FA:14 LIBR:200-19 TASH Blog #4
Do they (library staff) use resources and services provided by libraries or other information organizations?
Library staff naturally uses library resources and services. To quote Bivens-Tatum, “We’re library users, too, but we’re so familiar with our libraries that we overlook the flaws, workarounds, and frustrations.” This applies not to just when we are serving our communities, as implied by the author, but when working within the departmental structures of the library and with its internal resources. Talking with co-workers, and researching the interior of my public library workplace again and again underscored this sentiment.
On the public side, the catalog may have cataloging errors, such as “Animal House the dvd is in the system under ANI while Animal House the Blu-ray is under NAT for National in the extended title of National Lampoon’s Animal House”, as exampled by AC. So we experience using the library differently than our community, knowing that a cataloging error may be the cause of Animal House being absent from the Blu-ray collection under A and instinctively look then under N.
Much of the cataloging is outsourced and this outsourcing is likely the culprit of such cataloging discrepancies. So while public service desks work around this in their way, technical services must accept this as a normal part of the flawed system and correct the records in retrospect.
Articulating the user experience of library staff is more difficult than it would seem because of this familiarity. This is our profession, information. Using it and generating it is part of us. So many times information is findable but not readily accessible, disorganized in various SharePoint discussions buried in a department sub-sites or recently updated webpages. The water cooler or the telephone becomes the information source many instances.
Yet information sources are part of the interior life of the community. Gimlet reports are run for statistics on reference transactions. Baker and Taylor is searched, as is amazon.com for availability of replacement or new items. Reader’s advisory sites such as GoodReads, Novelist, HarperCollins and other publishers send our reviews and lists in email subscriptions. Other information is gotten from ALA, Booklist and other vendors providing training and education.
So, briefly this is a small glimpse of the backside of information services in a public library.
Do they (library staff) create their own information sources and services?
Yes, there are countless ways that public library staff creates information sources. In the graphics department, SL says, “The program guides take months of planning and collaboration. Marketing, Childrens’ Services, Adult Services and the NV community all contribute staff time and talent to make each edition a success.” This is then used by both the staff and the community as an information resource for library programs and services. A board packet is sent monthly to all staff and is published on the website. Binders with genre and age appropriate reading lists are made to help both staff and public. Cheat sheets for the new technology and their updates are constantly revised, as is the staff phone directory. Brochures, bookmarks, pamphlets, banners, signs, policies, procedures are all information sources generated and used by staff.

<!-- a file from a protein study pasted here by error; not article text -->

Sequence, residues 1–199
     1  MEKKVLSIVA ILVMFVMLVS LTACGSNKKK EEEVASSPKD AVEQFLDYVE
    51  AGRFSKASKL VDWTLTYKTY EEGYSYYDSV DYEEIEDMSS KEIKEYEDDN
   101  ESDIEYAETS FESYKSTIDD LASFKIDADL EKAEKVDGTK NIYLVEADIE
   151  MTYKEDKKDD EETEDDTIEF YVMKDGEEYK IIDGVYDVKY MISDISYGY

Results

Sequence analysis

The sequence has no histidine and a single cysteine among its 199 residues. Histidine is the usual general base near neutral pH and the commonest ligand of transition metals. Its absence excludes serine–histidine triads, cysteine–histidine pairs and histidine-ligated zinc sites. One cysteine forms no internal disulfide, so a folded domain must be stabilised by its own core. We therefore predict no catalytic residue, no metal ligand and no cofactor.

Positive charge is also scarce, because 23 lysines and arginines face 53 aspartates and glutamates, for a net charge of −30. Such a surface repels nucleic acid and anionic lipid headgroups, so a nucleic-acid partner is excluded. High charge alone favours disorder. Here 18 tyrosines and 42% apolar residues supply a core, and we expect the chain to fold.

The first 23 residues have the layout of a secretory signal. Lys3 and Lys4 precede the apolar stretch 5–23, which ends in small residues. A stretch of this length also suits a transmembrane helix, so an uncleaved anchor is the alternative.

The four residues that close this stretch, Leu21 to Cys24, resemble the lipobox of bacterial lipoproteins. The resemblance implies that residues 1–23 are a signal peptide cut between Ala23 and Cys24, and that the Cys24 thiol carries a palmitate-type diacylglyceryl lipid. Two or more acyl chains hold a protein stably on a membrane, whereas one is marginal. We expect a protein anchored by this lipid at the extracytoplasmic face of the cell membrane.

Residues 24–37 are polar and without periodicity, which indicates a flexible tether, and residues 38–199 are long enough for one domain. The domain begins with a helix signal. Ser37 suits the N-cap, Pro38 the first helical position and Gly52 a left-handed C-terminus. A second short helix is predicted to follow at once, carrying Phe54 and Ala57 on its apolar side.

How does library staff’s perceptions of information services correspond with the user experience theories covered in the lecture and readings?
It was interesting how the spaces were used in particular. It was right on the mark. Many times there will be twice as many teens surrounding a table for four or squeezed into a conference room. Cords stretched across the floor are a common. Although it is unusual to have people sitting on the floor it does happen during peak study sessions such as midterm and finals. The desks as barriers issue is being addressed. Partitions were taken down at the self-checkout so that books could rest on the counter. Computers were rearranged so that gaming could become interactive for the teens. As staff we experience this along with our customers.
In respect to the library staff as an information community, staff’s use of library space is dictated by established policies and procedures. To this I mean that library staff uses the spaces as intended as part of work performance.
Bivens-Tatum, W. (2010). Imagination, sympathy, and the user experience. Library Journal, 8. Retrieved from http://lj.libraryjournal.com/2010/11/ljarchives/imagination-sympathy-and-the-user-experience/#_
AC and SL NPL.